Hillbilly and Country fare

Used to be a person could go into just about any local restaurant and have a “home cooked” meal. Now days, a home cooked meal is as likely to be a hamburger or hot dog with a bag of chips and a soda.

My meals of preference are the ones I grew up with, and in the days of the 1940s and 1950s when women were not forced by economic need and greed to leave the home and go to work in factories and offices, two meals each day were always prepared and on weekends when the hubby was home, there was sometime three kitchen sessions each day for the wife. On the three-a-days, extra was usually prepared for dinner (lunch) and was once more placed on the supper (dinner) table, along with fresh biscuits or cornbread and maybe a desert; sweets were hardly ever eaten after dinner. Most of the time we drank water with the meal, but on occasion there was a soda, tea, or Kool-Aid. Rarely, but often enough to make it a looked-forward-to special occasion, Mom (grandma) would dig sassafras roots and make tea (root beer) from them. Being the only kid in the house, I jealousy guarded the big gallon jar of sassafras tea from the grownups, except for Mom.

The food was simple and mostly things that could be grown on an acre or two of land, including vegetables from a large garden, fruit trees, wild berries from the fence rows, poultry, and one or two hogs. If there was enough land and a barn or shed was available, a milk cow or a heifer for beef would be kept. Or small place didn’t allow for milk cow or beef, but there was always a hog to be killed in cold autumn. Mom always kept a couple of gooseberry bushes for pie making and to my great distress, she picked the berries just before they got good and sweet, leaving me without the tasty, ripened fruit. My only recourse was to beat her to the berries and gorge myself on the few purplish sweet ones before she got to them.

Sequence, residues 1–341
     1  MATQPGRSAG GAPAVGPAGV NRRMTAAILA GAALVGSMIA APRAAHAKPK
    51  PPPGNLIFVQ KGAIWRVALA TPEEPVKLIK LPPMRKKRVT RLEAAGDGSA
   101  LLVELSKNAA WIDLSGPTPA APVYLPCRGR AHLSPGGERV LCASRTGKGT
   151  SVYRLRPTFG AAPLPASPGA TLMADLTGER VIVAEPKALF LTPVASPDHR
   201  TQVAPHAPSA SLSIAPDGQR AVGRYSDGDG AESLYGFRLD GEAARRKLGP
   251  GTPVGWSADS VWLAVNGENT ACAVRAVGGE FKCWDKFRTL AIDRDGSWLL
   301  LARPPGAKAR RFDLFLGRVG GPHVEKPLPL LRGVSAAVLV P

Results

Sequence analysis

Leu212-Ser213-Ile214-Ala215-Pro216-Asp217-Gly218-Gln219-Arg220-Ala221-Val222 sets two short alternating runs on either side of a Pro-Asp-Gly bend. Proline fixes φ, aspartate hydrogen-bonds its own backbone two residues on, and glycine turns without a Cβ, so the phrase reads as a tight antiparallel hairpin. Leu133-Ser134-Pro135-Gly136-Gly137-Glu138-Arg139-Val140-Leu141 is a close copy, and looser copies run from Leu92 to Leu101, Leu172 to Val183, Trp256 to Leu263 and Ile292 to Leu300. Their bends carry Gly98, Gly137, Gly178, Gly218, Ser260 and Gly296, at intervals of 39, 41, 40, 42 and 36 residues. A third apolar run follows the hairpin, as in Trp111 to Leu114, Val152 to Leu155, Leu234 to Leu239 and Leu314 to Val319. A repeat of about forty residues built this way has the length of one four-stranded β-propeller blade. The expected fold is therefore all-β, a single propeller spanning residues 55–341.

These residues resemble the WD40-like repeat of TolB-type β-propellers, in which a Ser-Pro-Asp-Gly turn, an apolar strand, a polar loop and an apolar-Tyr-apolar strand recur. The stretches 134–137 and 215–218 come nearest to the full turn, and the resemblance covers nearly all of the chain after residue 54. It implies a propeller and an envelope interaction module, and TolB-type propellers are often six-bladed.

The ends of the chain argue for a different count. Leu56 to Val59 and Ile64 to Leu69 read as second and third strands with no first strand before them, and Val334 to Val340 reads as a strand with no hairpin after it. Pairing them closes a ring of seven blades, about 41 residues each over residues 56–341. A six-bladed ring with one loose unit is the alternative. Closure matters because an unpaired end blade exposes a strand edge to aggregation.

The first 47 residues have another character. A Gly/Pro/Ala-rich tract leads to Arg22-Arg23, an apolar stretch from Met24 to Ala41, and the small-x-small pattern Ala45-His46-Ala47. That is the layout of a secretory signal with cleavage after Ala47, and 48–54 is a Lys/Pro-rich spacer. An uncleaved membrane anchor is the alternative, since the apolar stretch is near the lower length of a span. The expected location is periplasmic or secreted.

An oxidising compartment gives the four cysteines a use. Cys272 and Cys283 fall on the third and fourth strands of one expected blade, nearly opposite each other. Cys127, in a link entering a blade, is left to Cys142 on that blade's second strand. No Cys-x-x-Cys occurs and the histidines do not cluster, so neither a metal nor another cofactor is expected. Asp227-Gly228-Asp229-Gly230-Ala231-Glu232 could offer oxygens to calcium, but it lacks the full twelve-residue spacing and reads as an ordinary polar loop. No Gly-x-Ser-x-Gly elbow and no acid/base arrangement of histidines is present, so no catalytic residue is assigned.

To be continued … the real food …

Published on February 25, 2012 at 12:41 pm  Comments (2)  

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  1. I reminds me a bit my family house. We lived ( me and my grandparents) in the suburbs. There were fruit trees and bushes in our garden. They have a few hens, and they purchased a half of killed hog when Christmas holiday was coming. My grandma’s smoked ham and sausages were the best in the world.
    Thanks for your description, Ken. Please write more, more… It’s interesting. πŸ™‚

    • It was good that you and grandparents had access to fresh fruit, vegetables, and pork. We never smoked the hog meat but we salt cured it and then later on we sugar cured it; I prefer salt cured. Mom used to can sausage which made it available for most of the year. It is surprising how long a family can make a hog’s worth of meat last.
      I will be writing more; I will try to detail that country meal you asked about.
      Thanks, Jola. πŸ™‚

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